What An Industry — The Yuppie Conundrum

London’s live music scene is under attack. Who by you ask? Terrorists? Anthrax? Even worse – Yuppies.

Picture it, Bryce the entry-level banker-wanker on £40,000+ a year decides to find a flat with his awful Instagram blogger girlfriend Zara because the one mummy and daddy bought for him to live is in an area that is ‘terribly gauche’. The pretentious pair of halfwits find a ‘darling little place’ just off Chalk Farm Road and with Bryce’s parents covering the deposit with their yearly bonuses, they move in. However, their idyllic plan of summer balcony ‘get-togethers’ (because parties are sooo pedestrian) is about to be tainted by something THAT CAME OUT OF NOWHERE.

Despite Chalk Farm Road being a long-existing and well-known stretch of bars, clubs and music venues, somehow the concept of even a little noise from said venues has only just dawned on this duo of dullards.

Bryce daaahling, the hubbub from that poxy little rock venue down the street is forcing me to turn my new white-noise machine up 3 whole notches! If you don’t fix this I will be staying in mother’s summer condo in Miami, and you can forget about that thing you asked me to do last night with the pearls.

London’s music venues that aren’t pretentious cocktail bars or clubs that play solely the worst kind of chart R&B house cannot be continually pushed further and further outside the city

Bryce is in a quandary. He’s never had to fix an issue that can’t be fixed with either money or the limited nonsense he was taught in private school, and he really wants that thing with the pearls. He resorts to his usual response in situations like this, and calls up daddy.

Daddy, Zara and I are having a terrible time in this new flat, there’s a scummy little rock-and-roll music venue down the street that is producing a terrible noise two nights a week and Zara can’t concentrate on her daily duck-face Instagram posts! What do I do?

Daddy explains that he has friends on the local council through his business dealings, and happens to know the fathers of two other pairs of yuppie tits in neighbouring flats. He tells Bryce to complain to the council about the noise, and encourage the aforementioned tits to do the same. They complain often about the injustice of it all, while daddy leans on his council connections. The council are required to send someone over, multiple times, with a decibel meter to check noise created by this venue and harass the owner. They posture, they threaten. The owner tries to comply, and tells his staff to ensure volume is reduced, but it’s rock music, and it would never be enough for Bryce and his fellow tits anyway.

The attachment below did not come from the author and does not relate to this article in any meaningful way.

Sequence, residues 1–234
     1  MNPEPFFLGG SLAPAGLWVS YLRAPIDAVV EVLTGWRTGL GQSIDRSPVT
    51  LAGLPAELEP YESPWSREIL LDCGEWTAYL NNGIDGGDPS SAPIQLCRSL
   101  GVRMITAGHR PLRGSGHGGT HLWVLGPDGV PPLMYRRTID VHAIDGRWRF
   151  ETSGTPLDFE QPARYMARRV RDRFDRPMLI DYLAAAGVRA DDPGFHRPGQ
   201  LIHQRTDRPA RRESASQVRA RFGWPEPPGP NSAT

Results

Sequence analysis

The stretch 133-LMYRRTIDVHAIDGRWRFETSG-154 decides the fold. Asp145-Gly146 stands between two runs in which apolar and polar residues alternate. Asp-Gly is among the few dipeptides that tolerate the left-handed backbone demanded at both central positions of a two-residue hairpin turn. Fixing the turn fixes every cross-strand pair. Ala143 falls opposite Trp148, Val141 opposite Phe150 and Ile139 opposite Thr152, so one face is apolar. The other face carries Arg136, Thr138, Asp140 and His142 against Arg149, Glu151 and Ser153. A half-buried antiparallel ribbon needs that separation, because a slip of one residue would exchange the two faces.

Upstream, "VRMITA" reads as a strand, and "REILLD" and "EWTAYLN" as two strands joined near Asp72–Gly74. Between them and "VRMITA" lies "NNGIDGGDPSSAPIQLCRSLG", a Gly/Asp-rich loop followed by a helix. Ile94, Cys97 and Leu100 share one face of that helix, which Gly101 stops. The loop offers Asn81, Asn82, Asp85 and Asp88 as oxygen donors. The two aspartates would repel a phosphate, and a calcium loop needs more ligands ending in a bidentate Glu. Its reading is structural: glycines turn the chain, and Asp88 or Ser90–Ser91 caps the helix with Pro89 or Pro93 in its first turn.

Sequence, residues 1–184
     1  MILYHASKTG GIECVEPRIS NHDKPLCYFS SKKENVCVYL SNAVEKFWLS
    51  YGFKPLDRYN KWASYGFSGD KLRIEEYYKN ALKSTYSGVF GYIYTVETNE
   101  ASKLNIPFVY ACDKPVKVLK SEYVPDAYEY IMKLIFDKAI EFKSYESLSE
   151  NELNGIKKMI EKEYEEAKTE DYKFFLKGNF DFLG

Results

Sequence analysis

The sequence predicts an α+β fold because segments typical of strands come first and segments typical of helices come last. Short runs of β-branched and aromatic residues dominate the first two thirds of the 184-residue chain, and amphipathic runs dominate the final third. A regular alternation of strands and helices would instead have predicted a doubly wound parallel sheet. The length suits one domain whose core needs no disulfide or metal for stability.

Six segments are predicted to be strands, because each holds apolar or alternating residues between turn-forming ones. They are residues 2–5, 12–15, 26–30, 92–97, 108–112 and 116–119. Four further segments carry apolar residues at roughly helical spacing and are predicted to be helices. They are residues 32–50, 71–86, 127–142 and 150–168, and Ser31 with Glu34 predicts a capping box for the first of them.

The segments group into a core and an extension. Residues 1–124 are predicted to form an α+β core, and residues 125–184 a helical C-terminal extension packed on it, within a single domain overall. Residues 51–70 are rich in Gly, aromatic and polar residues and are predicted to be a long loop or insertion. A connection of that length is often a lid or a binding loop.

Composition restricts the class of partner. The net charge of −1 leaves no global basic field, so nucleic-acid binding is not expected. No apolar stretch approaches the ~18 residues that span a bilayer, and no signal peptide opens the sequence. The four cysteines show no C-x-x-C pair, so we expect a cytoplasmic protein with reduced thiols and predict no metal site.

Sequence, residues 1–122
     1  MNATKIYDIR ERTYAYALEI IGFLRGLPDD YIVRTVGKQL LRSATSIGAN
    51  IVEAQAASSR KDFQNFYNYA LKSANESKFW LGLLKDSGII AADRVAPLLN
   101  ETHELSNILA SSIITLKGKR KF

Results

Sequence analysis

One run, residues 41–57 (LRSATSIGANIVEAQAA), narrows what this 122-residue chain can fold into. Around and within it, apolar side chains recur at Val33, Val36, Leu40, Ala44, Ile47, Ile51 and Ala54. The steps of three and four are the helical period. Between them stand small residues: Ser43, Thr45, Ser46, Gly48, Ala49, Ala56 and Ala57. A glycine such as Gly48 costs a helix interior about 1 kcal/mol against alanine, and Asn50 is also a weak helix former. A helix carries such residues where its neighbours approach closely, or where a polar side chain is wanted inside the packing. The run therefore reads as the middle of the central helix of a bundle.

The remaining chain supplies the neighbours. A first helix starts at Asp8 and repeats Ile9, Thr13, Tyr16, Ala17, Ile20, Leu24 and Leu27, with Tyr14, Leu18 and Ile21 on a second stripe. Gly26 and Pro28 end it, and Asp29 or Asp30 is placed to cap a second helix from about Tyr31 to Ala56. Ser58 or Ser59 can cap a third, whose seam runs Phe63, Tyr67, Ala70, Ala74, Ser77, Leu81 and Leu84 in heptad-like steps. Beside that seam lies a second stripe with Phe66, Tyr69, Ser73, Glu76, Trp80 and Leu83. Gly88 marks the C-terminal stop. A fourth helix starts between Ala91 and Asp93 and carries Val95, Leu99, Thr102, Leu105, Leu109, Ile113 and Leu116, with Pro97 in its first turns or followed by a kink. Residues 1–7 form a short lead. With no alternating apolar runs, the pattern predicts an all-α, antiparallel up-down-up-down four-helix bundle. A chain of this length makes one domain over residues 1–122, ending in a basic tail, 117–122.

The venue’s license comes up for review, and they have a list of complaints and black marks associated with their name. Daddy sends someone round his council bitches’ homes, either with a envelope or a thinly-veiled threat. During this process, the venue owner begs the council, attempting to explain how they never had any complaints before and highlighting his multiple attempts at compliance. His staff and regulars may even rally a small group of locals together in a show of support for a business that does so much for the community and the arts.

Surprise surprise, the venue’s license is not renewed and without a license the venue is forced to either turn into a completely different business or sell out to a gentrified tea cosy store, or another branch of Chicken Cottage. [Nothing wrong with that – Ed] Another venue dies at the hands of the yuppie horde, and everyone that isn’t part of said horde suffers.

Now this may be a little dramatised perhaps; it is often the developers of these yuppie flats that complain, believing the venue will hurt their chances of selling their brand new £1.3 million one-bedroom flats, who obviously have a larger hand when dealing with councils. The concept is the same however, and London’s music venues that aren’t pretentious cocktail bars or clubs that play solely the worst kind of chart R&B house cannot be either continually pushed further and further outside the city, or snuffed out entirely.

Now have a look at this article about Warners, and see that it isn’t just venues now but studios run by major labels. This problem isn’t getting better, it’s magnifying into a full-on attack on the industry by developers and their awful, awful customers.

The mayor has appointed a Night Czar, an American if you can believe it, who will obviously be very clued into this problem that spans decades in a culture mixed in ways she has never seen. Perhaps she will save the industry, both live and recorded, from being gentrified out of London. Perhaps not. If she fails, the UK will indeed have no-go areas as first told to us by the POTUS, not due to terrorism or anthrax, but due to impossibly high levels of yuppie twats with their heads so far up their own arses that they can’t see a dying city through their intestines.

Just ask New York.

 

 

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